Bowdoin College Catalogue and Academic Handbook

Neuroscience (NEUR)

NEUR 2050  (a)   Physiological Psychology  

Every Other Year. Enrollment limit: 35.  

An introductory survey of biological influences on behavior. The primary emphasis is on the physiological regulation of behavior in humans and other vertebrate animals, focusing on genetic, developmental, hormonal, and neuronal mechanisms. Additionally, the evolution of these regulatory systems is considered. Topics discussed include perception, cognition, sleep, eating, sexual and aggressive behaviors, and mental disorders. (Same as: PSYC 2050)

Prerequisites: PSYC 1101 or BIOL 1102 or BIOL 1109 or Placement in above PSYC 1101 or Placement in BIOL 2000 level.

Previous terms offered: Spring 2020, Spring 2019, Spring 2018, Spring 2017.

NEUR 2060  (a)   Cognitive Neuroscience  

Every Other Year. Enrollment limit: 35.  

An introduction to the neuroscientific study of cognition. Topics surveyed in the course include the neural bases of perception, attention, memory, language, executive function, and decision making. In covering these topics, the course will draw on evidence from brain imaging (fMRI, EEG, MEG), transcranial magnetic stimulation, electrophysiology, and neuropsychology. Also considers how knowledge about the brain constrains our understanding of the mind. (Same as: PSYC 2060)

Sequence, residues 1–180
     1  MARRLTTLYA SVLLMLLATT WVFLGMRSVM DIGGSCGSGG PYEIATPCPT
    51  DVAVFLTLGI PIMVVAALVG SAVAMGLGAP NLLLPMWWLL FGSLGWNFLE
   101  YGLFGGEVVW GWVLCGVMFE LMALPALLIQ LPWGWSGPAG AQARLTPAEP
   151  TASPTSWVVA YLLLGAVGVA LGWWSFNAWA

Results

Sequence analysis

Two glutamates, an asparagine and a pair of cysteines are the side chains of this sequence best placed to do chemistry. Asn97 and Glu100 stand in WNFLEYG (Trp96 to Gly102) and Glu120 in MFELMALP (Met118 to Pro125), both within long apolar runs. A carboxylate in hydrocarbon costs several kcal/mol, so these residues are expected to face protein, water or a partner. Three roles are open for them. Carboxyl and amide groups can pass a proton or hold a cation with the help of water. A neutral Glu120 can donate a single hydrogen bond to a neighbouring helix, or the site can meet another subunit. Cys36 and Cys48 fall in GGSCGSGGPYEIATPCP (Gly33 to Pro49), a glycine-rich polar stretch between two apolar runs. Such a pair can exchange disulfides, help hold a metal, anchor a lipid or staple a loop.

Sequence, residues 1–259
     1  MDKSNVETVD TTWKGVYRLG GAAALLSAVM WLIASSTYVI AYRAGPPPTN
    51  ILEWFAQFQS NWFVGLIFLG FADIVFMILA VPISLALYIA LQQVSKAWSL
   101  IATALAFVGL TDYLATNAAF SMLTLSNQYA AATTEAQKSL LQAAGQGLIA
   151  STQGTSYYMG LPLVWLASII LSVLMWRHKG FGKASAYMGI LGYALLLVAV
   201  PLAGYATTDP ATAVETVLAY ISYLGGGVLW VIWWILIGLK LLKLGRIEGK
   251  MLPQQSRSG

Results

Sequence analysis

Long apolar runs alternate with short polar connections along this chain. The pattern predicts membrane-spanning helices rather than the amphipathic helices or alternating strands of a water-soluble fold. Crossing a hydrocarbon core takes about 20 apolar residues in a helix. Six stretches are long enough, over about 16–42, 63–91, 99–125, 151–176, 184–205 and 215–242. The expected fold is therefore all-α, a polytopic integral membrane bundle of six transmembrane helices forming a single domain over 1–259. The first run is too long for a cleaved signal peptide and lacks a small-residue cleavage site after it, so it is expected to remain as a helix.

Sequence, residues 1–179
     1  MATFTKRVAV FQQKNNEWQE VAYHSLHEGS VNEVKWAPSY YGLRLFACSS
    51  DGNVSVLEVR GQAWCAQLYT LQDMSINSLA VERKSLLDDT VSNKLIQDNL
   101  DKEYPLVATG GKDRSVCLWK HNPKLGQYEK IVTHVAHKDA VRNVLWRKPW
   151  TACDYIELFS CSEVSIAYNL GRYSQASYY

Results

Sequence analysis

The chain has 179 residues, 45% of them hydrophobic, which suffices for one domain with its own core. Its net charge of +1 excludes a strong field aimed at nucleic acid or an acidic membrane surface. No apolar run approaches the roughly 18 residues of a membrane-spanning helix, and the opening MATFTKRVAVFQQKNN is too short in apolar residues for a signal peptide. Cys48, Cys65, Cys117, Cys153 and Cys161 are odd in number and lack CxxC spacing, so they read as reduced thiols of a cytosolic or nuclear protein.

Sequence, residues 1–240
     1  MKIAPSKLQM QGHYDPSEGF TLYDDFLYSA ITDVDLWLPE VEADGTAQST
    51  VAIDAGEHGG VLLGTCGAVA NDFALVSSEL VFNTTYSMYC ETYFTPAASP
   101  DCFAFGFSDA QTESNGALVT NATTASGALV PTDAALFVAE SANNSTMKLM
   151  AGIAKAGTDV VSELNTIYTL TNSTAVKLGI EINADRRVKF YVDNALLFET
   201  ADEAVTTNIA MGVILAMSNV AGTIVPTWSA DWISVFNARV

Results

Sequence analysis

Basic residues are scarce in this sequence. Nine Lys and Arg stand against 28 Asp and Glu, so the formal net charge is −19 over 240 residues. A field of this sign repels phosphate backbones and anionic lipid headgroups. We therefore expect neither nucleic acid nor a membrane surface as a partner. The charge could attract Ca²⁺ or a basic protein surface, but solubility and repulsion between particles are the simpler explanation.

Prerequisites: PSYC 1101 or Placement in above PSYC 1101.

Previous terms offered: Fall 2018, Fall 2016.

NEUR 2135  (a, INS, MCSR)   Neurobiology  

Every Fall. Enrollment limit: 35.  

Examines fundamental concepts in neurobiology from the molecular to the systems level. Topics include neuronal communication, gene regulation, morphology, neuronal development, axon guidance, mechanisms of neuronal plasticity, sensory systems, and the molecular basis of behavior and disease. Weekly lab sessions introduce a wide range of methods used to examine neurons and neuronal systems. (Same as: BIOL 2135)

Prerequisites: BIOL 1102 or BIOL 1109 or Placement in BIOL 2000 level.

Previous terms offered: Fall 2019, Fall 2018, Fall 2017, Fall 2016.

NEUR 2510  (a, INS)   Neuropharmacology  

Every Spring. Enrollment limit: 24.  

This course will discuss drug-induced changes in the functioning of the nervous system. The specific focus will be to provide a description of the cellular and molecular actions of drugs (natural or artificial) on the communication between neurons (known as synaptic transmission) and on the production of behaviors such as walking, breathing, heart function, and learning/memory, among others. This course will also refer to specific diseases of the nervous system and their treatment, in addition to giving an overview of the techniques used for the study of neuropharmacology. (Same as: BIOL 2510)